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Discussion Starter · #1 · (Edited)
My regular fitness ride is a mountain road out and back of 20 miles. It includes 1200+ plus of climb - generally rolling except for some steep climbs when the road descends to a river and then back up again on the other side. The road surface is generally rough; pebbly and now starting to break up pretty good. It was a cheap paving job to begin with over what had been a gravel road not many years ago.

I've been riding my rides on my several bikes successively the past few days to see which really is the fastest.

Yesterday I rode my Cannondale CAAD4. It's really a tri bike that I have converted over to a road ride. It's a mix of 105 and Ultegra parts and some nice Rolf Vector Comp wheels. I have it set up as a double. The bike looks and feels fast. You feel like you're really flying and the frames transmits the feel of the road directly to the rider, adding to the "fast" sensation. One downside of the stiff equation is that the bike seems to "skate" in the corners of the fast, steep, bumpy, switchback downhills. My time was 1 hour 24 min.

Today I rode my 91 Paramount equipped with full Campy Record 8 speed and a triple. This bike is and feels heavier than the Cannondale. It's handling is slower, but straight and stable as an arrow. You can definitely feel more vertical flex in the frame which provides a sense of isolation from the roughness of the road. Compared to the Cannondale, the Paramount feels ponderous and slow. But it sure is a comfortable ride.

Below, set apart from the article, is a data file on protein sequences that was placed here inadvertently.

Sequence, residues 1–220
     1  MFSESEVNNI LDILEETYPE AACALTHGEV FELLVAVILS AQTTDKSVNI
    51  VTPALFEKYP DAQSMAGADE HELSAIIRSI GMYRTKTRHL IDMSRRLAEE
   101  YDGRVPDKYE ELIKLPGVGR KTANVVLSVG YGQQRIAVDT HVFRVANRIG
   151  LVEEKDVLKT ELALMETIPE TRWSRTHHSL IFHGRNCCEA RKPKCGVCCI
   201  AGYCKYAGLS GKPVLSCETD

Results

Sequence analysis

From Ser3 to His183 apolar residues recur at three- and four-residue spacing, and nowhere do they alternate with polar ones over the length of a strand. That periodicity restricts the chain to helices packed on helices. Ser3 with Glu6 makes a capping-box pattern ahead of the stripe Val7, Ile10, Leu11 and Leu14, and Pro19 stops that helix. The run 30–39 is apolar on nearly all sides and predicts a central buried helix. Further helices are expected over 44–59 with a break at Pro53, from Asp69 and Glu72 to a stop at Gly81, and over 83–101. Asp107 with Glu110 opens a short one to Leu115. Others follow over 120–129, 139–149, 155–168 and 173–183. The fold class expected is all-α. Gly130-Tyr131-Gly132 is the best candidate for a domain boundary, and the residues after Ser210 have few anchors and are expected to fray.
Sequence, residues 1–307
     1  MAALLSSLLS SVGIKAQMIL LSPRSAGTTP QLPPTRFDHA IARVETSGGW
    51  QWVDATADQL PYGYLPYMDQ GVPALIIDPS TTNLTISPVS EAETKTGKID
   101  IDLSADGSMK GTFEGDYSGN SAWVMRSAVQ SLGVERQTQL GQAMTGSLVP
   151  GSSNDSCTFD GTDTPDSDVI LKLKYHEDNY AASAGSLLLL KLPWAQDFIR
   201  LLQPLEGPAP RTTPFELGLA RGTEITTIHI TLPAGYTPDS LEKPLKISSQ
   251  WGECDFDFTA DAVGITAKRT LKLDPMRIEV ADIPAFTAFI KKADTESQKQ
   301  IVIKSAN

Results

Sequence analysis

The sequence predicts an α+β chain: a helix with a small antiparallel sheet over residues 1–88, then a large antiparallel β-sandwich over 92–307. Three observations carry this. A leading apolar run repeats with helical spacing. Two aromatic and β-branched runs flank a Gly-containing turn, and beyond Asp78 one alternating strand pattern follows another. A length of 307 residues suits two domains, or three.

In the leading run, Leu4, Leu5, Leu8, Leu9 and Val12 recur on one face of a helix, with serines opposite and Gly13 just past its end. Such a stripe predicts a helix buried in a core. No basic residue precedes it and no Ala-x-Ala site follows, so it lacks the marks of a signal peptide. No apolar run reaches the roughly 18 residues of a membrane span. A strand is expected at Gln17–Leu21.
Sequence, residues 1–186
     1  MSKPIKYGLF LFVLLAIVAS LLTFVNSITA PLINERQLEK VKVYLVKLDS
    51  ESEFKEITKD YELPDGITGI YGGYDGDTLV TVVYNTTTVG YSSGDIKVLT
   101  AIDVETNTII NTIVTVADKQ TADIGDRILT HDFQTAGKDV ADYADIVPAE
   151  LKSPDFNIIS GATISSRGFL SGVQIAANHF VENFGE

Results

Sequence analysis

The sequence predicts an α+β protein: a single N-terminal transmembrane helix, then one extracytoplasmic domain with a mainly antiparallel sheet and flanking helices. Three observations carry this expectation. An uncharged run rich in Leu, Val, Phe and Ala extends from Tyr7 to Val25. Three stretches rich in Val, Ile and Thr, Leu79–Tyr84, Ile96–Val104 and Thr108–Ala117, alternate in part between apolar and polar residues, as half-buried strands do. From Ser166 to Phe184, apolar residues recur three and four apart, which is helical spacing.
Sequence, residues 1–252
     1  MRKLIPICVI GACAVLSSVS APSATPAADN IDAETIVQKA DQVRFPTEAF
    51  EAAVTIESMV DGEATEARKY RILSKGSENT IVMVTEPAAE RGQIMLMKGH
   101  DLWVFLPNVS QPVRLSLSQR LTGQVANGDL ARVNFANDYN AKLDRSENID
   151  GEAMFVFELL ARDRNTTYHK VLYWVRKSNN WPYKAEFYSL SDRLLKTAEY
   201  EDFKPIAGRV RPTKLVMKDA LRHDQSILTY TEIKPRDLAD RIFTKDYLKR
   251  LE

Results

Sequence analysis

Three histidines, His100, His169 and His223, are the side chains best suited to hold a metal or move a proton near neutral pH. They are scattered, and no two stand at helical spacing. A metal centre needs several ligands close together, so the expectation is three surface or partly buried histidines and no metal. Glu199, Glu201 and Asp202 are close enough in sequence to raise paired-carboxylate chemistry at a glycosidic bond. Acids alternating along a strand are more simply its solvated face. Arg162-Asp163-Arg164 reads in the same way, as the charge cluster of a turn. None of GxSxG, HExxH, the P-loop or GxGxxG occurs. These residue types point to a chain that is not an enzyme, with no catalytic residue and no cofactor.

During the climb up the switchback I unshipped my chain and had to get off the bike to place it back on the chainwheel. I lost about 30 seconds there. Even so, my time was 1 hour 23+ minutes, a full minute faster than the Cannondale.

I might add that weather conditions was just about identical the two days.

I guess I'll break out the Gunner tomorrow.

Took the Gunnar Roadie out on the course today. It rides responsively and feels light like the Cannondale with the plush rear end of the Paramount. You don't really notice the rough road. Time - 1 hour 22 minutes. I'm improving.
 

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Coco Puff
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You are right, it is the motor. For me, a bit of plushness and that stable feeling make it easier to concentrate on just going faster. I can do without the busy, fast feeling ride- especially for any longer cruise. Tho I will say the responsive feeling of some bikes makes it easier to endure long climbs. When you stand up on the pedals and it feels like it's actually going somewhere, it is more rewarding mentally thus making it easier to go faster...
 

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Discussion Starter · #3 ·
I traded off the Cannondale and another old Cannondale I had on a De Rosa Giro d'Italia, a really responsive steel bike. I took it out today with the group and rode about 36 miles. It's a pretty hot but smooth bike which will be interesting to time on my little route.
 
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